“Got it?” Alan asked. “Now you try.” So we did try. And try. And try. And he leaned back in his chair, sipping his wine with a faint smile on his lips, watching all of us attempt, without success, to imitate the effortless simplicity of Alan Fletcher.”
For a man who lived by his quote, “Design is not a thing you do. It’s a way of life,” and who showed us the art of looking sideways, our gratitude will be lifelong.
Indian viewers saw life in color for the first time on broadcast television.
[Source: India Today magazine, Oct 2, 2006]
If only all house name boards were this charming, finding the house you want to go to would have been a much charming and simpler endeavor. Alas these are a dying breed in metros of the new urban India. The one above is from a street in the Richmond Town neighborhood of the southern Indian city of Bangalore. The new wave of mass construction is taking down the charming colonial style and other free-standing houses and changing the urban landscape to one filled with bland and uniform (ugly) high-rises without any character or style.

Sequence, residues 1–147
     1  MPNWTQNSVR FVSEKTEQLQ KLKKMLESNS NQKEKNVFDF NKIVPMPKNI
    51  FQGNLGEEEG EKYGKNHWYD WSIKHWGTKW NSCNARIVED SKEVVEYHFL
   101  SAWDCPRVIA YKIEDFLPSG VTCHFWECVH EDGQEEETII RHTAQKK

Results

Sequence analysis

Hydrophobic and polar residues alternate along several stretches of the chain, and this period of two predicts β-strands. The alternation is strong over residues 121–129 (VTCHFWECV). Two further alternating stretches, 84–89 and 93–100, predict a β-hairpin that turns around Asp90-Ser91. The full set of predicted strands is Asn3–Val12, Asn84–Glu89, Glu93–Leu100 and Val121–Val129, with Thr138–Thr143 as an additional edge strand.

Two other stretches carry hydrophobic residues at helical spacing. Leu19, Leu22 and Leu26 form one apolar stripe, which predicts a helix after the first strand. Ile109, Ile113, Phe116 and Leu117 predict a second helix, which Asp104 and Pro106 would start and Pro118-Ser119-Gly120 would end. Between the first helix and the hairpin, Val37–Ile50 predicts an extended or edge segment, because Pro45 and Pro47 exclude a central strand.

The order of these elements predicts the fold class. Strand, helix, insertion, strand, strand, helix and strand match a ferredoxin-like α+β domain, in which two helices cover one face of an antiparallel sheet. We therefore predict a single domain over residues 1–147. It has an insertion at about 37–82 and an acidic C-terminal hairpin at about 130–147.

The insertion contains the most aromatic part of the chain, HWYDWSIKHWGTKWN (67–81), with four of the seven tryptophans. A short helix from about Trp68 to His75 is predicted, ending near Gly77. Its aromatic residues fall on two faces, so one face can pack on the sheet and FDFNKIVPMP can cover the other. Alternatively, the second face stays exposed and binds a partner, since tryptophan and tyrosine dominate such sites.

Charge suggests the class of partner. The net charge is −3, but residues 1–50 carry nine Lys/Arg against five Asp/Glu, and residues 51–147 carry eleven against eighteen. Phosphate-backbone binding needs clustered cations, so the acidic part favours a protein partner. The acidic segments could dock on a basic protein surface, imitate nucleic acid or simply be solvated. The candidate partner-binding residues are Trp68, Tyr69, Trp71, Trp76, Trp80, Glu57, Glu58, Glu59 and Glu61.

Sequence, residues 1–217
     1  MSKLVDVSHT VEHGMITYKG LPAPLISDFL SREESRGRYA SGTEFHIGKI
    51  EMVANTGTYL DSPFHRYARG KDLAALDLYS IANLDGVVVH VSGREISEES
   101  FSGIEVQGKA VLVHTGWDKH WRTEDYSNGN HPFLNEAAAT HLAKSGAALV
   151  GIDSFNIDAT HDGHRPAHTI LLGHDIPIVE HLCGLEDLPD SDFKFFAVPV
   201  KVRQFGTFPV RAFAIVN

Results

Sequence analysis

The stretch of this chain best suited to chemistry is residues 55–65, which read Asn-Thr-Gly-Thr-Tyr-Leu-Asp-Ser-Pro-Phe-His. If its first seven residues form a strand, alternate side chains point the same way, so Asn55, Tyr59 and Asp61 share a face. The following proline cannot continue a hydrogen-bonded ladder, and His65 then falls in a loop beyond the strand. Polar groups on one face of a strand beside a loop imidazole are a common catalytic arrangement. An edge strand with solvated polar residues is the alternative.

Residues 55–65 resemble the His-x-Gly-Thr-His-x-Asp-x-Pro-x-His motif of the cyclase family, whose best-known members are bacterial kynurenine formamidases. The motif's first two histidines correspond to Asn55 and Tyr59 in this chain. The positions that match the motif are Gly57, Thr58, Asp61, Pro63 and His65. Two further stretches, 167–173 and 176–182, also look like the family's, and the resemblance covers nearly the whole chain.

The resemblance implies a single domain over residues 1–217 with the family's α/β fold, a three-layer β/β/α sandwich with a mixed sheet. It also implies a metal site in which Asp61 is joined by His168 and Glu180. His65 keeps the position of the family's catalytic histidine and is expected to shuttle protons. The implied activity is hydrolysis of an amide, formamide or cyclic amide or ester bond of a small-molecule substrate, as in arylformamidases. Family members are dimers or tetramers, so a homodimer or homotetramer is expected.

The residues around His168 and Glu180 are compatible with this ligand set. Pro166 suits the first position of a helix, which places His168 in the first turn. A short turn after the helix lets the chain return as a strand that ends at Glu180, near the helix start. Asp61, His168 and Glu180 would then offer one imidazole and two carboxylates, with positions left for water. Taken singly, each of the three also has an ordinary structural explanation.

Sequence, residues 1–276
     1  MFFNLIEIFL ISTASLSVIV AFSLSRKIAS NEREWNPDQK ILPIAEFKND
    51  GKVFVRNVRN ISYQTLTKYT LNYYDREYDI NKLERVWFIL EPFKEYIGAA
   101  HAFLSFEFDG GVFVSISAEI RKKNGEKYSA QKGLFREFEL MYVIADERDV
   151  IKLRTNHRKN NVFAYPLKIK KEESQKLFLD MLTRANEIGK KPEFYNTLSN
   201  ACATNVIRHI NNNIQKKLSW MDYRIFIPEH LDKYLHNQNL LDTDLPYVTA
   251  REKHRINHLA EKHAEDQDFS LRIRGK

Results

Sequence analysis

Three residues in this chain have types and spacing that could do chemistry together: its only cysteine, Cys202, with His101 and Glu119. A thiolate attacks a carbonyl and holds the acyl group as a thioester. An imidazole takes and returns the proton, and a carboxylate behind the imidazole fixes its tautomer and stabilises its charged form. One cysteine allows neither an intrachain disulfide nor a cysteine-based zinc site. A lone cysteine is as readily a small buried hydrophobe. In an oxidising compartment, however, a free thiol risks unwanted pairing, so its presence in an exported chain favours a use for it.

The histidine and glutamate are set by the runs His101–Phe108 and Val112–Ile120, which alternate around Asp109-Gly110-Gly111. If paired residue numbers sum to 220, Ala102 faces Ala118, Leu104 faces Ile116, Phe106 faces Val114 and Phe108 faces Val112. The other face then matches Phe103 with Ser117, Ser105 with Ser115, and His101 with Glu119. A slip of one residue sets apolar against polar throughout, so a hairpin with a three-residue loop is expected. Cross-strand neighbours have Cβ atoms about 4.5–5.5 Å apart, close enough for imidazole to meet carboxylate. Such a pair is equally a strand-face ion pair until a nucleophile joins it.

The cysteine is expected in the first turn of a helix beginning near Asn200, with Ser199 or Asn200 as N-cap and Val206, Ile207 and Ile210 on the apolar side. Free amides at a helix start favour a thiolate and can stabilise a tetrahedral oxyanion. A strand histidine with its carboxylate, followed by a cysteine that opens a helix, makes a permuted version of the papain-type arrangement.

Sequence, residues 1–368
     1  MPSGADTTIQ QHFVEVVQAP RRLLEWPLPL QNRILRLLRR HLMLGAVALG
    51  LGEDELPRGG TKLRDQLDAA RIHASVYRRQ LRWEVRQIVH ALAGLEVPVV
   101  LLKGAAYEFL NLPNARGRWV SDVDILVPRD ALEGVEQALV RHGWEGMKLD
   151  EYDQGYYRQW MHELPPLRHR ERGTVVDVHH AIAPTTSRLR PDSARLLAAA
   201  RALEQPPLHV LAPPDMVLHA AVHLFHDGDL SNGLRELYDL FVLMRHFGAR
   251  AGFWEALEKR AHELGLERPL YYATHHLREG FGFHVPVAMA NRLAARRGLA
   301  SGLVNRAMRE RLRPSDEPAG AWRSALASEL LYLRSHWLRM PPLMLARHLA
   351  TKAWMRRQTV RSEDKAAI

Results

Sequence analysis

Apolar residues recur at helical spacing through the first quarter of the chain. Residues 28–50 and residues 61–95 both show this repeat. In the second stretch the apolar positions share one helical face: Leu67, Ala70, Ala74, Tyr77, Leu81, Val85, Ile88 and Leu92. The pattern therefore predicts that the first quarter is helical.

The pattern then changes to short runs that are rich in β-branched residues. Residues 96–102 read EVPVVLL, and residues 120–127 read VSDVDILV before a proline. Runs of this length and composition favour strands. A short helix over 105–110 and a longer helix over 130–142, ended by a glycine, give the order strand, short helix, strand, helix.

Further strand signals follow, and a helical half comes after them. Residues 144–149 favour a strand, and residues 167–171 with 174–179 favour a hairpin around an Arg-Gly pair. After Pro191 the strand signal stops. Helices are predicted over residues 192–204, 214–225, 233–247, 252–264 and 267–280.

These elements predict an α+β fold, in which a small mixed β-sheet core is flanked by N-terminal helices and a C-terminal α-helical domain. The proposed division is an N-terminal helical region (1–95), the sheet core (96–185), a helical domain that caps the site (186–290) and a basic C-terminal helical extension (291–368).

George Lucas is a one-of-a-kind three-in-one genius. I give him this title because he not only imagined and wrote and conceived a brilliant story called Star Wars, but also managed to put his own money at stake and produce the film version, brilliantly directed by himself. So while I was engaged in checking out the extra featurettes disc of ‘Episode I: The Phantom Menace’ DVD, here’s what the master storyteller-producer-director had to say about the art of the movies…